What is it?
It’s a nuclear reactor fused to bits of orange piping and two racing wheels. It’s the bike that settles all arguments with three bullet points: 132 kW, 144 Nm, 189 kg. It’s KTM’s maddest, baddest naked bike and the most powerful production motorcycle that they have ever made.
Like KTM’s adventure bike that thinks it’s a superbike, the 1190 Adventure, the 1290 Super Duke R also gets its engine from the company’s RC8 1190 superbike. But as the Duke’s full title suggests its engine – bore and stroke – was enlarged to 1301cc. Then it was endowed with new cylinder heads and cams as well as new pistons and a crankshaft that weigh about as much as a cobweb. Twin balancer shafts have the job of reducing vibration, but I’m happy to report that the motor still feels angry and alive. To keep its insides lubed, whether you have one knee or both knees down, it has forced oil lubrication with three rotor pumps.
Style, instruments and equipment
Before it became the 1290 Super Duke R it was simply called The Beast and it’s wild styling (it makes the BMW S1000R look as mean as a Raleigh Bomber) had bike fans in a frenzy.
The headlight cluster has a Deceptecon or Iron Man look to it and is flanked by two “floating” plastic fairings that look like daggers − or the mandibles of a praying mantis, about to devour anything in its way. The LED daytime running lights have a double-horseshoe shape.
In profile its lines angle sharply downward and create the impression that it’s fast yet planted to the road. The orange-coloured frame and white-piped sub-frame to the rear give it a bare-knuckle, industrial look. The pillion seat isn’t meant for 500km breakfast runs, but is more useful than the token typical of superbikes. The rider is well catered for and my 1.96m frame didn’t feel squashed.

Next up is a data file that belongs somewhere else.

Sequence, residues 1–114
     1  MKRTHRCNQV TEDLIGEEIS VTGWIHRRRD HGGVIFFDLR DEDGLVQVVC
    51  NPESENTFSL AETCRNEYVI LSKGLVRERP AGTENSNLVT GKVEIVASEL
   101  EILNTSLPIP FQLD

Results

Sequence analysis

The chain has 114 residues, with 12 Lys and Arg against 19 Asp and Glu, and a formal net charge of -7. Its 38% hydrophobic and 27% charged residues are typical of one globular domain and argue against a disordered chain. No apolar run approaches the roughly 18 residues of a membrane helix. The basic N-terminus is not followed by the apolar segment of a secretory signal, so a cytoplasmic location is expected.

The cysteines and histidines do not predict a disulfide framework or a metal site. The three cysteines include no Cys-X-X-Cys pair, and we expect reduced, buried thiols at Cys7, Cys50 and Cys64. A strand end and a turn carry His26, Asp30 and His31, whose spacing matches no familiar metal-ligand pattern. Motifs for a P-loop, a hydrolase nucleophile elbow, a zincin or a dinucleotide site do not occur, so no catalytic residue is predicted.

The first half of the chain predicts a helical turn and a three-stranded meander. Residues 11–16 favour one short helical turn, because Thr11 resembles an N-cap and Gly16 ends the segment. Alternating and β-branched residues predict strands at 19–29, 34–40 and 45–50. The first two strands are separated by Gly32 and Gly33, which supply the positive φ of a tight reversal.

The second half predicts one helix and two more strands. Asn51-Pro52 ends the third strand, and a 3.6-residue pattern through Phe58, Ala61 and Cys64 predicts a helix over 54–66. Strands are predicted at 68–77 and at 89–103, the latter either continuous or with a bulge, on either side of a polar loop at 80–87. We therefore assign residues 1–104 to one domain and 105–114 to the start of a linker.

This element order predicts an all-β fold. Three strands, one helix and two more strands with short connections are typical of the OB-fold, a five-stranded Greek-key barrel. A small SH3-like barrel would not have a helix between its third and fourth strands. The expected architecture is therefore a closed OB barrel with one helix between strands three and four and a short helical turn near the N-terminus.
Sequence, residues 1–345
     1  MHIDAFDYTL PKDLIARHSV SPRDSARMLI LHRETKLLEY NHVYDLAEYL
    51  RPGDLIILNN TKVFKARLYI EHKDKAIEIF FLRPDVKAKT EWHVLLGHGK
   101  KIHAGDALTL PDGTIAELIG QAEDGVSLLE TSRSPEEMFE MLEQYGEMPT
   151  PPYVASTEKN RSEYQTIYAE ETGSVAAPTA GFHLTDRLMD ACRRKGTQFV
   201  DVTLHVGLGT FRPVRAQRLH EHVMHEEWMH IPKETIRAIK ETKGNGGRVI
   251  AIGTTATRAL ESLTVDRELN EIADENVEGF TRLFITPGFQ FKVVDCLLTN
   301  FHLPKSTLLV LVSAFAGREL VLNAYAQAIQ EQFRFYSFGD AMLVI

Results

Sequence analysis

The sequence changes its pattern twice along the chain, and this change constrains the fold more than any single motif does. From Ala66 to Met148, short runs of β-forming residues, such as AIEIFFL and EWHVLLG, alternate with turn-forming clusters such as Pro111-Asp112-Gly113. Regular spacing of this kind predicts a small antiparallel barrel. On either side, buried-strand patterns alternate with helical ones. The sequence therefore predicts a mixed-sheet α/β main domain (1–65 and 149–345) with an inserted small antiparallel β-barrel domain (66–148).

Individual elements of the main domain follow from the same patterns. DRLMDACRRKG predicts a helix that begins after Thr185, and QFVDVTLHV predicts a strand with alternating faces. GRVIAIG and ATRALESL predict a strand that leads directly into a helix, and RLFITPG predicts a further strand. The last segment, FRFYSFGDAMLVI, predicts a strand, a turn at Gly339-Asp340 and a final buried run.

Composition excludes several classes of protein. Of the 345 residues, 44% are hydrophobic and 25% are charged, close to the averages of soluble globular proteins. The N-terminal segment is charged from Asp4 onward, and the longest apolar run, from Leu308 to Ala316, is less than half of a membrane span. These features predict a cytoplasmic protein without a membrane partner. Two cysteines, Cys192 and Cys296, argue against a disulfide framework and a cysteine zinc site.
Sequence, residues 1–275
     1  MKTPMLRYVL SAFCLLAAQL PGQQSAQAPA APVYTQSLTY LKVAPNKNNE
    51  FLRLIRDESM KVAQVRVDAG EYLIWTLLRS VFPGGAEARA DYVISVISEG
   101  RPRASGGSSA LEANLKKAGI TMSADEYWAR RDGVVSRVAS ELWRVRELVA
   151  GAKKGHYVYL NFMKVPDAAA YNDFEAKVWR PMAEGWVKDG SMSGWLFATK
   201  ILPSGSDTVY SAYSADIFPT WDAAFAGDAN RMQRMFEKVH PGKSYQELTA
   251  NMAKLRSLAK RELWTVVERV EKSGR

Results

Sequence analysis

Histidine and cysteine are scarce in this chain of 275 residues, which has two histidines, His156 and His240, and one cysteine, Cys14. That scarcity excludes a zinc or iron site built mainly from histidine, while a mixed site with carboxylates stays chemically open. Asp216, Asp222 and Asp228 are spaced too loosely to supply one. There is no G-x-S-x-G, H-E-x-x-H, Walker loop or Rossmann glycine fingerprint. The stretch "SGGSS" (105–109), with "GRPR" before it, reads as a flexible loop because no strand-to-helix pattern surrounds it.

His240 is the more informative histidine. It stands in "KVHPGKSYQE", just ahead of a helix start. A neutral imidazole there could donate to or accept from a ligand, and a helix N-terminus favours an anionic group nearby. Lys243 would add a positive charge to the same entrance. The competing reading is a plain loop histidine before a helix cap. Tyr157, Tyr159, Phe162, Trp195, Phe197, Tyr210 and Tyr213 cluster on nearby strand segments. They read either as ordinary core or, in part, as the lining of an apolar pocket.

Overall it looks mean, but not scarier than Kawasaki’s Z800 or Honda’s CB1000R.
The instruments look identical to those on the 1190 Adventure. They consist of an analogue rev counter flanked by two LCD screens. The one on the right shows your speed, the gear selected, riding mode (street, sport or rain), coolant temperature, fuel level and clock. The LCD screen on the left shows the rider’s preferences (ABS and traction control modes) the air temperature, trip computer and odometer. If you delve deep enough in the menu settings you will also find Candice Swanepoel’s phone number.
On the launch in Cape Town I got so carried away by The Beast that I missed the group photo session on Chapman’s Peak. I was possessed by the sound and fury of the machine and I only snapped out of it at the end of Ou Kaapse Weg. By then I’d discovered two important things: Firstly, that I didn’t do accidental wheelies like the first time I rode a Yamaha R1 superbike. The traction control system inhibits such hooliganism unless turned off. (I don’t do wheelies.)